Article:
Sat | Jun 23, 2018

Brian-Paul Welsh | Ignorance is bliss

Published:Monday | June 26, 2017 | 12:00 AM

While reliving the horrors experienced by so many families after another spate of bizarre violence across the country last week, I couldn't help but picture Tourism Minister Ed Bartlett's rictus grin plastered on television screens while the elderly and even suckling babes were being gruesomely slaughtered inside their homes.

While the rest of us were dodging bullets in this latest murder wave, the slickest salesman in a suit was uncharacteristically annoyed as he chastised local media for their insistence on reporting the facts. It isn't surprising to frequently hear Bartlett on the airwaves waxing poetic since he has long distinguished himself by his regular grandiose declarations, but with this particular diatribe in rabid defence of his sacred cash cow, he came just short of insisting that Butch Stewart put Page 2 as the cover of his newspaper.

The fear that an honest portrayal of the brutish life of Jamaicans will frighten visitors and their precious foreign currency away from these shores is not at all new, and is a notion rooted in the idea that our economy can be built by sustaining a relic of colonial frolic.

The concept of tourism as we know it is premised on the idea that the resort is an escape from real life for weary travellers, an island theme park where tourists are royalty for adoring natives, who feed them gratuitously until they are plump. Maintaining belief in this fickle illusion through turbulent times is an amazing accomplishment for the performers assigned the special ministerial roles in the business of political folly, and the continued production of this magic show is a job that gives Ed Bartlett immense pride, something he sees as his personal duty.




The script, as carefully crafted by successive tourism ministers, depicts the Jamaican experience as akin to Disney World, Jurassic Park or any other imaginary isle, and just like Peter Pan's Neverland, this place only exists in the mind.

In order to acclimatize to this alternate reality, one has to momentarily suspend belief in things as they see them and instead look through Bartlett's green lenses and see only what he says. The rowdiness of restive villagers mustn't distract from the narrow vision required to keep this mirage visible and as such, these things of bother must be shooed away lest they destroy our delicate delusion. That we have been able to keep up this masquerade for so long into the Information Age, and despite the deluge of despair in which so many of our citizens are frequently awash, is perhaps testament to our cultural affinity for fairy tales and Anansi stories to soothe our despair.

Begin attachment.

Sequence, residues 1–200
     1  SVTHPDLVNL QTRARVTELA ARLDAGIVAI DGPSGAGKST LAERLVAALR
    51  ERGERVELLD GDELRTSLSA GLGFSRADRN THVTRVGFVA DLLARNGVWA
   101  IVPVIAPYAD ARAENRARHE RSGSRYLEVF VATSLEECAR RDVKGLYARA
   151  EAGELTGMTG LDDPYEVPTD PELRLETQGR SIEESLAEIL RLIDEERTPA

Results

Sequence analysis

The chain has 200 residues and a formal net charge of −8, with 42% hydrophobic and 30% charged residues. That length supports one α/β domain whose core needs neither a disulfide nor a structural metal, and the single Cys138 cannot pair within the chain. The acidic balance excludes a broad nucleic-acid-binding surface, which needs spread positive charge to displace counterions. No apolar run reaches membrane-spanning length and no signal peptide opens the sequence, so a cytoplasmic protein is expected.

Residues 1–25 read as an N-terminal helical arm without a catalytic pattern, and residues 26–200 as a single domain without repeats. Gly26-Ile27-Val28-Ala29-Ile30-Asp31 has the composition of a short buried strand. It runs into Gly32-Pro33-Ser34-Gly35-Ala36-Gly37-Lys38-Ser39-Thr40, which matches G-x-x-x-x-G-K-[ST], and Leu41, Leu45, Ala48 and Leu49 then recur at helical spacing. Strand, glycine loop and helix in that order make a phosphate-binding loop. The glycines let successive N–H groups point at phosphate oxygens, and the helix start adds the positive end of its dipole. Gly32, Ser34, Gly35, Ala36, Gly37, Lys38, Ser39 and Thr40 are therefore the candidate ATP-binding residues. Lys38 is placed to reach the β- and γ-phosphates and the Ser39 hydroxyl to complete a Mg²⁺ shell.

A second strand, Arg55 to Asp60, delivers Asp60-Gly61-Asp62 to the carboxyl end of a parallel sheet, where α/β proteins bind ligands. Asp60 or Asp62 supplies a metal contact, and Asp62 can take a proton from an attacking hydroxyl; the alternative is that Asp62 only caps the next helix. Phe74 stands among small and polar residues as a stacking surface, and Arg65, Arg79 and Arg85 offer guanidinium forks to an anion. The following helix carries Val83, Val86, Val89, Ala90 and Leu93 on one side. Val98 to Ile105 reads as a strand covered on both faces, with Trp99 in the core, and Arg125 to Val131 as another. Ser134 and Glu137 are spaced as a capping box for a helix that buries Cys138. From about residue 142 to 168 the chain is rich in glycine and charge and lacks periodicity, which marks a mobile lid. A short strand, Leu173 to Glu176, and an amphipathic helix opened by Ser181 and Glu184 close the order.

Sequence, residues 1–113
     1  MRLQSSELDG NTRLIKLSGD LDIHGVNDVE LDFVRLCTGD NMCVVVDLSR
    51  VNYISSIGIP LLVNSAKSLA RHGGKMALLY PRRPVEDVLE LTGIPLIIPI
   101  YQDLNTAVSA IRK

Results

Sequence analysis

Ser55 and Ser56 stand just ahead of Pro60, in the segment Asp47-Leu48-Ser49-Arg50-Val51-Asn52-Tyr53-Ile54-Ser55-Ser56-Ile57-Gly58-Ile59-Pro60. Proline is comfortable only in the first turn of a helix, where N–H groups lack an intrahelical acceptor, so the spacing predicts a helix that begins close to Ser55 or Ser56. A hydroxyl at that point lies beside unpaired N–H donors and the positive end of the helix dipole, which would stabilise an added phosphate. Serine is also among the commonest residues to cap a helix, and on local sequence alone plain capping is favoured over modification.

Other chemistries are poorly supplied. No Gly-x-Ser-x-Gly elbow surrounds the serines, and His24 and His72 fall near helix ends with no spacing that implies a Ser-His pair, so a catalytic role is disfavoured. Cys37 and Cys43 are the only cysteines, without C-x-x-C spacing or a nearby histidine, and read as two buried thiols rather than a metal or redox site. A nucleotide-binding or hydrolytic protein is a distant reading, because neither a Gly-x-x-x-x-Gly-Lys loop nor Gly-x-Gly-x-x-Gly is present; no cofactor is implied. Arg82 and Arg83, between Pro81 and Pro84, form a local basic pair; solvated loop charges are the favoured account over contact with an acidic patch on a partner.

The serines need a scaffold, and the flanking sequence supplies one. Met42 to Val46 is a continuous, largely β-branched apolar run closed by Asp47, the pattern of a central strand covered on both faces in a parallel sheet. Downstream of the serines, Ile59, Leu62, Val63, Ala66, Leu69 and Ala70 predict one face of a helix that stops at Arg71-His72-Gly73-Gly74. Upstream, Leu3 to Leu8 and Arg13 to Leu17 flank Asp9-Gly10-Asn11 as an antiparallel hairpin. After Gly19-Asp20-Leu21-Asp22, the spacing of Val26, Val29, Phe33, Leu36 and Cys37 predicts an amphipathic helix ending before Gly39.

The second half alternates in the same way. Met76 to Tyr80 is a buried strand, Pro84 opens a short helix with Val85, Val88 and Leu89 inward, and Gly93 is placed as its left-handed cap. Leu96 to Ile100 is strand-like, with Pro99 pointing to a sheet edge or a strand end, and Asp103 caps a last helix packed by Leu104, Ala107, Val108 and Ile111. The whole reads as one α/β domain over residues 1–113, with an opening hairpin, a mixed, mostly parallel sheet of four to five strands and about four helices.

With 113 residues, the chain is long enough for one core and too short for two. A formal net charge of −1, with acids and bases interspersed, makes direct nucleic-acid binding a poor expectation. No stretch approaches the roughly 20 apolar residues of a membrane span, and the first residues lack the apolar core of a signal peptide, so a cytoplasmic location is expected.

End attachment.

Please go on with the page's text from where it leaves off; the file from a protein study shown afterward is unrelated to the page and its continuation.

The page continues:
With tourism now emerging as Jamaica's leading industry next to the rapidly growing business of scamming, and with both relying so heavily on successful manipulation for financial viability, it should perhaps be of no surprise that some among us have become experts in these similarly tricky trades and will protect their vested self-interests at all costs.




It seems, historically, our most skilful politicians have either been sociopaths or emotionally obtuse, and as such could wilfully ignore the plight of dead subjects in order to focus on their own narrow objectives. In the case of the 'irie' faÁade on which holiday arrivals carefully depend, we now know that even while the marauding crime monster is devastating our villages, the official position coming from the emissary of the prince is 'see no evil'.

Ed Bartlett's grimacing expression has grown more disturbing as the nation's mood has shifted from the bacchanal of the prosperity carnival, now settling into the sombre song of shattered dreams. With a 20 per cent spike in homicides, there is a melancholy mood in the air, grief now spreading across the island. The affable tourism minister's fixed smirk seems strangely at odds with the trepidation on the faces of the many labourers under his stewardship who must leave the hotels after his armoured convoy departs and return to communities where they don't know if they will live 'til morning.

As Bartlett's veneers flashed before my eyes, I remembered the 1989 film adaptation of Batman where actor Jack Nicholson plays the Joker, a murderous maniac with a permanent toothy smile. Like other such characters already familiar to us, he couldn't resist using the spotlight to deliver a self-aggrandising monologue at every auspicious occasion, famously reciting: "I'm only laughing on the outside; my smile is just skin deep; If you could see inside, I'm really crying; you might join me for a weep"

- Brian-Paul Welsh is a writer and public affairs commentator. He can be reached at or @islandycynic on social media.